Certificate of Enrollment (COE) forms are due by September 15th of the current school year. As of July 2020 they are available to fill out online and print and email/mail to your attendance officer. Click below to open the COE in your browser.
MS Certificate of Enrollment Form
For a list of Attendance Officers for your county click the below link. you may email your attendance officer to find out where to mail or if they will accept an emailed copy of the COE. Each one has a different preference so contact yours to find out.
Click the below link to read Mississippi’s Home Education law for yourself.
Feel free to share this page to your friends who need the COE links.
Mississippi Law has several provisions for homeschooling. Please see the FAQ below for answers to the most commonly asked questions.
*Can anyone home school in Mississippi?
Yes. Any parent is permitted by law to teach his or her own children in a home instruction program. The state has a minimal amount of regulation that families must follow to legally home school. A legitimate home instruction program is defined as one that is not “operated for the purpose of avoiding or circumventing the compulsory attendance law.”
*What kind of paperwork does the state require?
By September 15 of each year, parents are required to submit a certificate of enrollment for each child age 6-17 by September 1. (If you have children older or younger, you are not required to submit a certificate for them.) The certificate card should include names, address, and telephone number of parents and children, dates of birth of children, and a “simple description of the type of education the children are receiving.” You are not required by law to give your child’s Social Security number. The card must be returned to the school attendance officer. In the event the child has been enrolled in a public school he must file a Certificate of Enrollment with the local attendance within 15 calendar days after the first day of the school year for the school district where the child resides. If the decision to home-school the child is made during the school year, they may send the certificate of enrollment to the school attendance officer, even though they missed the September deadline.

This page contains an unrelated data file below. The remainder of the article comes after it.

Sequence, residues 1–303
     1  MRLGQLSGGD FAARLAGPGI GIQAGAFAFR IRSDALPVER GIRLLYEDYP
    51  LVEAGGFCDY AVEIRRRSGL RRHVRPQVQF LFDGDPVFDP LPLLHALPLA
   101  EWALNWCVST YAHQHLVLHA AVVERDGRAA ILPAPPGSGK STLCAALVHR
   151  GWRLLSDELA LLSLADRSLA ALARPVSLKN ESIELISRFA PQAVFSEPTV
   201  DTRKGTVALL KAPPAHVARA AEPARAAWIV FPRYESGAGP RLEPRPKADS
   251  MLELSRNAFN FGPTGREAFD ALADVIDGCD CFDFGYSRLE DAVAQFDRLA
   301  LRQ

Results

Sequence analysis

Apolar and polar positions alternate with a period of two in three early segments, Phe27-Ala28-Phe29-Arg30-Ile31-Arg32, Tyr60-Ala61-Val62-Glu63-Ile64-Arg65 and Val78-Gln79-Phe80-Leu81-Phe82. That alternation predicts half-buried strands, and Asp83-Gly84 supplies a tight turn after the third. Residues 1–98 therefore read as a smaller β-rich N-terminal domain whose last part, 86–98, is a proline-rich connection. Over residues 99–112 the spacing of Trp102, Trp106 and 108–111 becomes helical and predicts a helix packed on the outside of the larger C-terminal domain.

*Do I have to wait until the beginning of the next school year to take my children out of their current public or private school to start home schooling?
If you wish to teach your children at home, you may begin at any time, but must always send the completed certificate of enrollment for each child. Also, as a courtesy, when removing your child from a public or private school system, write a letter of withdrawal or fill out the school’s form so they have a record of where the child went or what happened. This provides a historical document that protects both you and the school.
*Does the curriculum I use have to include state-approved textbooks?
No. You may choose the curriculum that best suits your children’s individual educational needs.
*What subjects am I required to teach?
Since repeal of the law in 1984, there are no state requirements for subjects that must be taught.
*What days are my children required to be in school? What hours during the day?
There is no state requirement for home school programs.
*Do I have to have a high school or college diploma, or teacher certification?
The state has no educational attainment or certification requirements for parents who teach their children in the home.
*Do my children have to take standardized tests?
State law does not require standardized testing. But you are welcome to add that if you desire for your children. It is not a bad idea to prepare them for that scenario before taking the ACT.
How do I choose a curriculum? How do I set up my home school?
There is a lot of information on the internet about and for home-schoolers. Browse the internet for these resources and don’t be scared to disagree with them. We home-school for various reasons and in various ways. What is important about setting up your home-school is to choose curriculum that fits the needs of your child and takes them in the direction of growth. When at all possible, try to read samples of books before you purchase. Read reviews and blogs of other moms who have used the curriculum. Most importantly build a support network of other home school families that you can connect with and ask questions about what they liked or didn’t like about the curriculum they’ve used.
Thanks to the internet we can also see reviews of curriculum that people from all over have used and their thoughts on it. Some links to home-school bloggers are listed below for your convenience. (These are just a few.)
There are many more out there, but the ones listed above are a good place to start!*The above FAQs were quoted from http://www.MHEA.net/Mississippi-Law/.